December is a season full of busyness. There is a lot going on, both at the church and in our lives, as we prepare for the celebration of Christmas. It can be a stressful season even though we are seeking to announce a time of joy and hope. Maybe you’re like me and, as a result, you look for ways to bring a little laughter and fun into the month.

For the last few years, bringing in an element of laughter and fun during December has meant debating people on what constitutes a true Christmas movie. You may not know this, but people are really attached to their ideas of what counts as a Christmas movie and are willing to debate you nonstop on the topic. I’ve taken joy in putting up mock debates, especially on social media, about how I do not believe “Elf” is that funny or that “Die Hard” cannot count as a Christmas film. That last one really gets people going. Just because something takes place around Christmas doesn’t make it a Christmas movie. I’m sorry, John McClane.

I love these discussions, because I always laugh at where the conversation goes and the lengths people will undertake in order to convince me that Die Hard is, in fact, a Christmas movie.

If you’re wondering, it is not Christmas in my family until I have seen Clark Griswald have a major meltdown after receiving a 12-month subscription to the “jelly of the month” club. Nor is it Christmas until I’ve watched “It’s a Wonderful Life.” True story: I’m the only person in our family who loves the movie. I cannot help its story of George Bailey as the down-on-his-luck family man who believes there is nothing for him in the world. That is until he encounters a unique individual by the name of Clarence.

Clarence is an angel sent by his “bosses” to keep George from committing suicide. His mission is to help George to see his value and worth, and to experience what life would be like without him. If he accomplishes his mission, then, he will receive his wings. And, of course, we all know the classic line from the movie, “Every time a bell rings, an angel gets his wings.”

Beyond that quote, the movie’s image of Clarence might be the best dramatic version of angels in film. Clarence comes as a normal-looking person and interacts with the various characters just as anyone else. In fact, this is the predominant image of angels we see in Scripture, especially in our passage from Luke 1:26-38. Not just here, but angels play an important role throughout the Nativity story. When we understand their contribution to the story of Jesus’ birth, it can give us a way to interact with the message they bring in our lives, today, as we prepare our hearts for the coming of the Lord.

Before we unpack how angels interact with the Nativity story, let’s take a look at how angels are seen throughout Scripture. It might be worth noting how we look at angels. We think of them as these winged creatures that float around in the sky, playing a harp, and with halos on their heads. That is not necessarily how they are portrayed in Scripture, but how did we come to this interpretation. For one, we are likely mixing the idea of cherubim and seraphim with angels. When we read about seraphim, for instance, we get the image of a six-winged being. Cherubim had four faces. These are not angels, but we have confused them in our imagery for them.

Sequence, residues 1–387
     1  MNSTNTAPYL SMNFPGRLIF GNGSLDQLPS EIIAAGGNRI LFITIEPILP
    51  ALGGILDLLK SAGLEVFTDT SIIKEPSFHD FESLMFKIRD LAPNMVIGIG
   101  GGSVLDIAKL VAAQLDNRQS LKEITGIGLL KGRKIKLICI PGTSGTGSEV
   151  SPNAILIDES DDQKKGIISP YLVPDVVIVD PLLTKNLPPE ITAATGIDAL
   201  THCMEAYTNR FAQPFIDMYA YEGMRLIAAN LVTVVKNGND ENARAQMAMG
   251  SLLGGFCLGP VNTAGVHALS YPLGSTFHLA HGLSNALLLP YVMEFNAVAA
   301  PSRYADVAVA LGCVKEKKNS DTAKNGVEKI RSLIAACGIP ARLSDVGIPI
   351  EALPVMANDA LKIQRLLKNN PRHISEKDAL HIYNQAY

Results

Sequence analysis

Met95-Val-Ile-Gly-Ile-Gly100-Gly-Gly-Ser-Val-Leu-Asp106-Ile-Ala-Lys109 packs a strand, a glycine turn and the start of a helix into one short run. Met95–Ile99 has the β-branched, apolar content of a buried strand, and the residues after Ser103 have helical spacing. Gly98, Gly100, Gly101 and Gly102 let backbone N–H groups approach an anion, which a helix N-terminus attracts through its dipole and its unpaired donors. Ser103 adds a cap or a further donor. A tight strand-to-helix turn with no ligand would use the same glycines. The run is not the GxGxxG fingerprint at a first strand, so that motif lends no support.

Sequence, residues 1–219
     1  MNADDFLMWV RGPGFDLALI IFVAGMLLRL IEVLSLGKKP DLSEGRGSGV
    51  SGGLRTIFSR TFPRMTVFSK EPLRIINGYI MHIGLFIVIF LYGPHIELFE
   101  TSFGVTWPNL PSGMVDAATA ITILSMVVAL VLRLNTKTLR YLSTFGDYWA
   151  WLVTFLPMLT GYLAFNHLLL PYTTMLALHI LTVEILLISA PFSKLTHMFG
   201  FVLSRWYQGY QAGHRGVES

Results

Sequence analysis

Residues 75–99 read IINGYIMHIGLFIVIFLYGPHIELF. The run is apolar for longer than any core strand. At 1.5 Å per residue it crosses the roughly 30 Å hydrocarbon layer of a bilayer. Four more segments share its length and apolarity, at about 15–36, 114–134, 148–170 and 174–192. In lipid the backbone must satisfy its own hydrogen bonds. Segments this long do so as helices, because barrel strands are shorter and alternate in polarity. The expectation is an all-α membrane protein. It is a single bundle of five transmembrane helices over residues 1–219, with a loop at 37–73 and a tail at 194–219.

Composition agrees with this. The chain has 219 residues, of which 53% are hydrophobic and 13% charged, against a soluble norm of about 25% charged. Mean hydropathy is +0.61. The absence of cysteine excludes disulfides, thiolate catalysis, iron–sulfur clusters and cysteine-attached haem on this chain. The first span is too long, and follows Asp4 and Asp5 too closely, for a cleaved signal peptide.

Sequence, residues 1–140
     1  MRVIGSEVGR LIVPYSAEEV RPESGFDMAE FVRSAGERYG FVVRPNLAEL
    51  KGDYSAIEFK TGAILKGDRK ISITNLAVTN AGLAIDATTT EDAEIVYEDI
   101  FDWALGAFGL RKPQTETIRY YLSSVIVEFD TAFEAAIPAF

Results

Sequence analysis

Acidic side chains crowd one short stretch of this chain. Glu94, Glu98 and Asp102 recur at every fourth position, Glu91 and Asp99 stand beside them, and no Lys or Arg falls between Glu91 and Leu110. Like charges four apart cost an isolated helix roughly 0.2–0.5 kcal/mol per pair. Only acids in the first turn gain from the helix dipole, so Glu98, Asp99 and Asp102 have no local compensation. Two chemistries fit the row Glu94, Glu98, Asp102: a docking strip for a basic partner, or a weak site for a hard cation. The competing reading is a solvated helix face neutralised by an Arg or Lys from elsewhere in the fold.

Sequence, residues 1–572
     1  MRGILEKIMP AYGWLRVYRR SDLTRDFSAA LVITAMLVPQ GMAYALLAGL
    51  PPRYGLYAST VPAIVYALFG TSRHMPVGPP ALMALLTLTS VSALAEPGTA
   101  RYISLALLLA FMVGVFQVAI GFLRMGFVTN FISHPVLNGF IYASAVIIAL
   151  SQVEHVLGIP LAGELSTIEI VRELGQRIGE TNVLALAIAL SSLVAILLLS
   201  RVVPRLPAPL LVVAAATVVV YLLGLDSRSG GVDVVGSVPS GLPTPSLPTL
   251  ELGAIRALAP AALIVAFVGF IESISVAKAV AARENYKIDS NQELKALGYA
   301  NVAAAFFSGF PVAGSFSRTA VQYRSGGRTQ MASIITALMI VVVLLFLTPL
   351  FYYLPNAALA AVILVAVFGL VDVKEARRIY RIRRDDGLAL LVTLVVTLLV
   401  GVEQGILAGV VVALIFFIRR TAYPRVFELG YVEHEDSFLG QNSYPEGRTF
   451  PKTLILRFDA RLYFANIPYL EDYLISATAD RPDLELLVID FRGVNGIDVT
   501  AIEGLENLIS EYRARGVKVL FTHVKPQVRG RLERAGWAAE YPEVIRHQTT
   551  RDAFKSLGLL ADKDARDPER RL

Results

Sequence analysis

When we interact with Scripture, there are two primary roles we see for angels. One is that they come to provide protection to God’s people. The other is that they provide a divine message that announces what God is doing and will do. It is rare to find a reference to an angel with a proper name in Scripture. In divine literature, which includes Scripture and the Apocrypha (a collection of seven books that are part of the Roman Catholic and Eastern Orthodox bibles), there are only four angels who receive a name: Michael, Raphael, Uriel, and Gabriel. Each of their names end in “el,” which is one of the Hebrew words for God.

Gabriel, however, is the angel we interact with the most when it comes to the Nativity story. He appears to both Mary and Zechariah to tell them about what God is going to do in their lives. At other moments, with Joseph and the shepherds, it is an angel of the Lord – a divine messenger – who appears to share an important message. Gabriel’s name means “champion of God.” We see him, also, in Daniel to help the prophet to understand a vision he received from God. Here, Gabriel is part of a four-fold account of angels who appear to individuals to share what God is preparing to do through the Christ child.

The first visitation from an angel in the Nativity story likely came from Gabriel to Zechariah. He was a priest and serving in the Temple when Gabriel appeared before him. He announces that Zechariah and his wife Elizabeth’s prayer had been answered. They had long-desired a child, and that had not come to fruition. Gabriel announces that this child would grow to play an important role in the movement of God. Their child would be John the Baptist, who would prepare the way for Christ’s coming.